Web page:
To solve, the acceleration of the skier along the incline should be determined. To do so, draw the FBD of the skier. (Refer to the attached figure.)

The forces acting on the skier are the friction force, normal force, and force due to gravity. Since the motion is along the...

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To solve, the acceleration of the skier along the incline should be determined. To do so, draw the FBD of the skier. (Refer to the attached figure.)

The forces acting on the skier are the friction force, normal force, and force due to gravity. Since the motion is along the inclined only (x-axis), consider only the forces that have x-components. Base on the FBD, these are the friction force and force due to gravity only. The friction force opposes the motion of the skier, while the x-component of gravitational force is going in the same direction of that of the skier. So, the equation needed to solve for the acceleration of the skier is:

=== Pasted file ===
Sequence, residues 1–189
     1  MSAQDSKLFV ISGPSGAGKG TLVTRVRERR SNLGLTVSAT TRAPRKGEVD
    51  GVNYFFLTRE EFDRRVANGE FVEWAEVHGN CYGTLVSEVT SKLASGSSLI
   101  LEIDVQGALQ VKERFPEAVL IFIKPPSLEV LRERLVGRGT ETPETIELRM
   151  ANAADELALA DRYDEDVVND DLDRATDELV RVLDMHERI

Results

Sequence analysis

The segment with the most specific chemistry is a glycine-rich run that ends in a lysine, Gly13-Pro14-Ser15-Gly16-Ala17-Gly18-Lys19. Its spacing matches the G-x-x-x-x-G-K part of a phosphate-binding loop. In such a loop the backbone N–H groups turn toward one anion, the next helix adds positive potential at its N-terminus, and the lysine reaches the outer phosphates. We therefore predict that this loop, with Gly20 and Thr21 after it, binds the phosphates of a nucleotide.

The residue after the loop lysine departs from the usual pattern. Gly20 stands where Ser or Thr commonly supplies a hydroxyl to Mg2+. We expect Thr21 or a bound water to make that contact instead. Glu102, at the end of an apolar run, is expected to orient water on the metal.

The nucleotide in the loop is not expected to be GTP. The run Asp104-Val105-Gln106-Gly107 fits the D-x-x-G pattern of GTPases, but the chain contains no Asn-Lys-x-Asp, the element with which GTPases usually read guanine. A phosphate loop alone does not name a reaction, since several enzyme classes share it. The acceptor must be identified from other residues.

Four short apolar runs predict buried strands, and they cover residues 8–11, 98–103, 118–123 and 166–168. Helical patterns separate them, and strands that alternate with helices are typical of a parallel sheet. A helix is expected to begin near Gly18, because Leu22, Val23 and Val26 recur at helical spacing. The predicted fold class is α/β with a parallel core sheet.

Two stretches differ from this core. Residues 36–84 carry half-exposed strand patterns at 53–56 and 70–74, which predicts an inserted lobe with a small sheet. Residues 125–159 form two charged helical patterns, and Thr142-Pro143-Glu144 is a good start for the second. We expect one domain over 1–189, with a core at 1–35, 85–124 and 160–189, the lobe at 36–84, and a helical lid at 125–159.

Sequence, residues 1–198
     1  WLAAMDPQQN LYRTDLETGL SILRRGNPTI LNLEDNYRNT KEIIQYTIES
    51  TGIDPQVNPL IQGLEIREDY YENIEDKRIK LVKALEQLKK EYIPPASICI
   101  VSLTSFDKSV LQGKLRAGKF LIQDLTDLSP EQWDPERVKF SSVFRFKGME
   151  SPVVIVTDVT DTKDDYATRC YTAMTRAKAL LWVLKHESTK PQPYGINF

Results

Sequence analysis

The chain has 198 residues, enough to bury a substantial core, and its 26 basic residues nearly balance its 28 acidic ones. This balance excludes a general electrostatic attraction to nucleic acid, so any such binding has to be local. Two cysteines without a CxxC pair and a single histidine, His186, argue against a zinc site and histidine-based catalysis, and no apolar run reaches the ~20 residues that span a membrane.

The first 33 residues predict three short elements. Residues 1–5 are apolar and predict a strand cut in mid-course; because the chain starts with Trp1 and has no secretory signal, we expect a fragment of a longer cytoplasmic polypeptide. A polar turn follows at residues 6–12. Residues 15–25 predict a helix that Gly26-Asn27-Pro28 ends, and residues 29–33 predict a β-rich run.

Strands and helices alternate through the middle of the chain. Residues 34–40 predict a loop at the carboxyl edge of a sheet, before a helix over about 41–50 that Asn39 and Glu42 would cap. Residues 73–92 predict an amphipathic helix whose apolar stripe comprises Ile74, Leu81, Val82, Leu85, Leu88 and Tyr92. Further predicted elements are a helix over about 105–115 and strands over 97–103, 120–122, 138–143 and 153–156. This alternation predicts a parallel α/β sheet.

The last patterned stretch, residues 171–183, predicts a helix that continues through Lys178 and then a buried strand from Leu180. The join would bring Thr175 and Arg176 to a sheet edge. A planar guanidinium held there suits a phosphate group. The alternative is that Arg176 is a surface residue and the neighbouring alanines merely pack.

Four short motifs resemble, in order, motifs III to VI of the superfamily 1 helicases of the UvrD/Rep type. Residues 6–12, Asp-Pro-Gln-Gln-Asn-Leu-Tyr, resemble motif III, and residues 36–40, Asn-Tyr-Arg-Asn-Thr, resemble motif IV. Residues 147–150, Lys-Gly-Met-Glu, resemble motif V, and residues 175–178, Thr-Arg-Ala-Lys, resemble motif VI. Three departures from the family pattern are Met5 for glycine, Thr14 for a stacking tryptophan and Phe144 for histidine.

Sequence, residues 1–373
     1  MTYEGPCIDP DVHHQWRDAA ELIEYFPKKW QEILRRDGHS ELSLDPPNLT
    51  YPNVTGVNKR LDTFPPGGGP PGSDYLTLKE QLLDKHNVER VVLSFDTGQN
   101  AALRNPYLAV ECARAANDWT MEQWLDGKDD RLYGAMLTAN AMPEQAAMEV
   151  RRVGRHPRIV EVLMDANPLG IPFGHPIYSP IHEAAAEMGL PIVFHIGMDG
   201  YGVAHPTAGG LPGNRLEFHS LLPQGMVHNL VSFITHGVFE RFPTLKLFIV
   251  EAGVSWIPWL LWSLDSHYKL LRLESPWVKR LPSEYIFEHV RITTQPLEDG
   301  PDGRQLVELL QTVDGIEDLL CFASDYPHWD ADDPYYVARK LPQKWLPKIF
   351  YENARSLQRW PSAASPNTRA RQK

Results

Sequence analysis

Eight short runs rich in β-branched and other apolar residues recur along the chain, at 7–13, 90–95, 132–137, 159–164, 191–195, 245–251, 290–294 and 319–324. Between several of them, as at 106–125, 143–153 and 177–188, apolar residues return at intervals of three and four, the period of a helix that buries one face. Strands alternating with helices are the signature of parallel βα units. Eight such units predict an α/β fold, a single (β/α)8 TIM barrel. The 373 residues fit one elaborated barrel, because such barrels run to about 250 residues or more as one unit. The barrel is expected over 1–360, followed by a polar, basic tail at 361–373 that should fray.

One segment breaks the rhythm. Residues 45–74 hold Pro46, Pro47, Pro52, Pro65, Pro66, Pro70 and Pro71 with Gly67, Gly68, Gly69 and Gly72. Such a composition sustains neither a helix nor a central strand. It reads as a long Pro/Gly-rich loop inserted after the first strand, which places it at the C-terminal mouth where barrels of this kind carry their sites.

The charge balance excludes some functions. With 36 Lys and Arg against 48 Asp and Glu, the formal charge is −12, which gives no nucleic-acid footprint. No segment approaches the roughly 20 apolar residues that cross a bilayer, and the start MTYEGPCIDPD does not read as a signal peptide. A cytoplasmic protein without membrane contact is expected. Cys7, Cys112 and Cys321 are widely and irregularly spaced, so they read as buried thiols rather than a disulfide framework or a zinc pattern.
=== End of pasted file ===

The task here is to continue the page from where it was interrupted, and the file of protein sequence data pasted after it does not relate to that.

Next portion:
`F_g_x - F_k = ma`

`mgsin(theta) - F_k = ma`.

Plugging in the known values, this becomes:

`60*9.8*sin(30^o) - 72 = 60*a`.

Solving for a, its value will be:

`a=(60*9.8*sin(30^o)-72)/60`

`a=3.7`.

So, the acceleration of the skier as it goes down the slope is `3.7m/s^2` .

To solve for the distance traveled by the skier, apply the kinematics equation for motion with constant acceleration.

`Delta x = v_i t + 1/2at^2`

Since the skier starts from rest, its initial velocity is zero. So, plugging in the known values, this formula becomes:

`Delta x = 0*4 + 1/2*3.7*4^2`

`Delta x =29.6 `.

**Therefore, the length of the side of the hill is 29.6m.**